|Publication number||US5854648 A|
|Application number||US 08/801,423|
|Publication date||Dec 29, 1998|
|Filing date||Feb 18, 1997|
|Priority date||Aug 2, 1990|
|Publication number||08801423, 801423, US 5854648 A, US 5854648A, US-A-5854648, US5854648 A, US5854648A|
|Original Assignee||Canon Kabushiki Kaisha|
|Export Citation||BiBTeX, EndNote, RefMan|
|Patent Citations (25), Referenced by (63), Classifications (9), Legal Events (4)|
|External Links: USPTO, USPTO Assignment, Espacenet|
This application is a continuation of application Ser. No. 07/738,629, filed Jul. 31, 1991, now abandoned.
1. Field of the Invention
The present invention relates to an ink jet recording method and an ink jet recording apparatus for recording by discharging the ink to form liquid droplets and to adhere them onto a recording medium such as a paper or the like.
Here, the ink jet recording apparatus according to the present invention is applicable to office or communication equipment such as an electronic typewriter, word processor, copying machine, facsimile terminal equipment or computer.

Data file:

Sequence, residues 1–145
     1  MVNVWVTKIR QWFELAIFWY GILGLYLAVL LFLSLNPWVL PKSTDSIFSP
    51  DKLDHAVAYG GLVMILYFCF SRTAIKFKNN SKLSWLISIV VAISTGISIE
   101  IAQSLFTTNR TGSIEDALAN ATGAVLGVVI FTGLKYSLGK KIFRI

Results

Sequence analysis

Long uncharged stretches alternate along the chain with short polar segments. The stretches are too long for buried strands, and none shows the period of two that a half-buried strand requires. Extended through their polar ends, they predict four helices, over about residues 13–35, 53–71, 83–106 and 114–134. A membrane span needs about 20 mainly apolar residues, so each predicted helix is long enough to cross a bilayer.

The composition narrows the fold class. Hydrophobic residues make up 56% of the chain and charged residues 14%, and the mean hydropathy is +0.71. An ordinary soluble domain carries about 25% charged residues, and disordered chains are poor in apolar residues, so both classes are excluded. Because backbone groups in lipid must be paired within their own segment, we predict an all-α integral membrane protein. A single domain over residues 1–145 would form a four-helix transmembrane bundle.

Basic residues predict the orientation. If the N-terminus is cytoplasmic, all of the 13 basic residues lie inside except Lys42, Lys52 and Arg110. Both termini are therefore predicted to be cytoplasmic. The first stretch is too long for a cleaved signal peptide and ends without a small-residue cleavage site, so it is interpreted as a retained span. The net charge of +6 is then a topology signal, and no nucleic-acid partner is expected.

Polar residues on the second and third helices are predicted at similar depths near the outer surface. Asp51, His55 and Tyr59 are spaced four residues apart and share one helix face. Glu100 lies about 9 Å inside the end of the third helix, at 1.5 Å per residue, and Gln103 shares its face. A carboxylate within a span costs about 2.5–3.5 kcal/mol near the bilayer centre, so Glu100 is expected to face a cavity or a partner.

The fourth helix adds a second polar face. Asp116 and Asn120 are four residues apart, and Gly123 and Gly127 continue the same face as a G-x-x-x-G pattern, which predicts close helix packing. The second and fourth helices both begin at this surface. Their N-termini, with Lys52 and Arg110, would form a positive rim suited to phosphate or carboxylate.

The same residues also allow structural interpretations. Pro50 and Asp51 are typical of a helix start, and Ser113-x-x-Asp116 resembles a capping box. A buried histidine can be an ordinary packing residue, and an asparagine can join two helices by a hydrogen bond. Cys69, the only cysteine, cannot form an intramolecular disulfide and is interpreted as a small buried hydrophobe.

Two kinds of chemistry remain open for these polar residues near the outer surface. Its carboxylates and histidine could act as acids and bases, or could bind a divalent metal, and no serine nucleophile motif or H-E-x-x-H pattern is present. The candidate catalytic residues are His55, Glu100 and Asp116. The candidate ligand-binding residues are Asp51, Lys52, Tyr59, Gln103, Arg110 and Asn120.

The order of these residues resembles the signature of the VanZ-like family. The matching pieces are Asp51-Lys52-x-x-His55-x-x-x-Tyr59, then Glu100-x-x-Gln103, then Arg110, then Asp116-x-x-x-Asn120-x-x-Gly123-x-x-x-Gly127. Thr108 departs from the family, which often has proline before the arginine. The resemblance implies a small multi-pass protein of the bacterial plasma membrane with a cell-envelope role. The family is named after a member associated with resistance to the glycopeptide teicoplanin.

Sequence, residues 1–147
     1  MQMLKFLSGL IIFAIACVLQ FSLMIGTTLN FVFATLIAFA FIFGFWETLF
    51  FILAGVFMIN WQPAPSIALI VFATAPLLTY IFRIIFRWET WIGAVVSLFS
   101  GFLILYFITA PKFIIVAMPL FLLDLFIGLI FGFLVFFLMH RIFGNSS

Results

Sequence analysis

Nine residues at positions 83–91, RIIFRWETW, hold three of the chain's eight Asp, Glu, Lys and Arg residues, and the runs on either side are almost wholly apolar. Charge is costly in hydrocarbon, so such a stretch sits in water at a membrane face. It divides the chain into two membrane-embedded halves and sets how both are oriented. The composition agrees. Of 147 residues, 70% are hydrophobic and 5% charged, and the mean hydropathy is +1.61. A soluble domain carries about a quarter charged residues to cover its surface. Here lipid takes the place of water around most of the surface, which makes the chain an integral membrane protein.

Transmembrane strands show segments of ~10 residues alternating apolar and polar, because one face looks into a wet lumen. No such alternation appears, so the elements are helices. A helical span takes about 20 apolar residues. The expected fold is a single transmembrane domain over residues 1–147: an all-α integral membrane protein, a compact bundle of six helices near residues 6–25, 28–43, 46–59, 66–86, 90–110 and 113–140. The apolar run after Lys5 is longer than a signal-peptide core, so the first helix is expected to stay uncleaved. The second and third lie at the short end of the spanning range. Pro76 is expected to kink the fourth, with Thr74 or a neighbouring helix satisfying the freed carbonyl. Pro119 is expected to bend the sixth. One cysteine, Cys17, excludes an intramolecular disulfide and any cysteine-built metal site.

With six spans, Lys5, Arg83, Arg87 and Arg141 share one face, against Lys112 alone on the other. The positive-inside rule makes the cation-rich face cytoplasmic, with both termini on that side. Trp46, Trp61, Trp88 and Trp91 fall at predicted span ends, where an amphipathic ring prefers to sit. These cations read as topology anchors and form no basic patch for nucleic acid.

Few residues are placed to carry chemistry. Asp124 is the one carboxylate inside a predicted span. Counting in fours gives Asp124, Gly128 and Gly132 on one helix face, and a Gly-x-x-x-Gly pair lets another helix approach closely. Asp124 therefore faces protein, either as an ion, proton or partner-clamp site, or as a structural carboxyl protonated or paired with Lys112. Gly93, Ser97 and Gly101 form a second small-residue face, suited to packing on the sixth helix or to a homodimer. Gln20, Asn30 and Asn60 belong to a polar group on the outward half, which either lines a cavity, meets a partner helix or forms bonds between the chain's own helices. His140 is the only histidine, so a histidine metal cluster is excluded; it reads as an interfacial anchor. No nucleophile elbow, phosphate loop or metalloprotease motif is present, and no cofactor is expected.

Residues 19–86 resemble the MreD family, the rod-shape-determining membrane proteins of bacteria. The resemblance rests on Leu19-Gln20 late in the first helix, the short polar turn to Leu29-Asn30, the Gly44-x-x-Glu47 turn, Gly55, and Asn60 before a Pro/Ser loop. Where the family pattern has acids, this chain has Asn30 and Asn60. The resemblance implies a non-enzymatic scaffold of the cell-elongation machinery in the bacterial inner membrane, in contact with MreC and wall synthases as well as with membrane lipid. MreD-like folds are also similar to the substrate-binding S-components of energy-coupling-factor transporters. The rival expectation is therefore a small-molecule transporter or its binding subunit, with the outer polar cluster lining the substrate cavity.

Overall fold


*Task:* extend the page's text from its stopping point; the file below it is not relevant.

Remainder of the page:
2. Related Background Art
Conventionally, the recording apparatus for recording onto a recording medium such as a paper or OHP sheet (thereafter referred to as a recording sheet or simply as a paper) has been proposed in the form of mounting a recording head thereon in various recording methods. There are such recording heads based on wire-dot, thermal, thermal imprint, or ink jet recording method.
Among them, particularly the ink jet recording method is one in which the ink is directly discharged onto a recording sheet, and has been noted by virtue of its inexpensive running cost and quiet recording.
Also, recently, in ink jet recording apparatuses, particularly, recording head manufacture is made with a film creation technology or a micro process technology in semiconductor devices to realize smaller and more inexpensive recording heads. Thus, for example, a disposable-type recording head formed integrally with an ink tank has been proposed, and consequently the constitution of the apparatus itself is made smaller and simpler.
On the other hand, the ink jet recording apparatus having various advantages as above described is widely used as a recording apparatus for various equipments such as an electronic typewriter, word processor, facsimile terminal equipment, copying machine, etc. In this case, the ink jet recording apparatus comprises a configuration corresponding to the functions or usage forms specific to such equipment.